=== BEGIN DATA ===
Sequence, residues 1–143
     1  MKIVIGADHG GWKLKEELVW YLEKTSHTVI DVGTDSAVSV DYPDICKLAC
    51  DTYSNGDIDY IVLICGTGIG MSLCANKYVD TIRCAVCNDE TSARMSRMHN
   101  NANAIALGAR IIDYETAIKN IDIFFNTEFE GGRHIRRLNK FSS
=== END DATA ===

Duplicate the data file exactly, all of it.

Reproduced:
Sequence, residues 1–143
     1  MKIVIGADHG GWKLKEELVW YLEKTSHTVI DVGTDSAVSV DYPDICKLAC
    51  DTYSNGDIDY IVLICGTGIG MSLCANKYVD TIRCAVCNDE TSARMSRMHN
   101  NANAIALGAR IIDYETAIKN IDIFFNTEFE GGRHIRRLNK FSS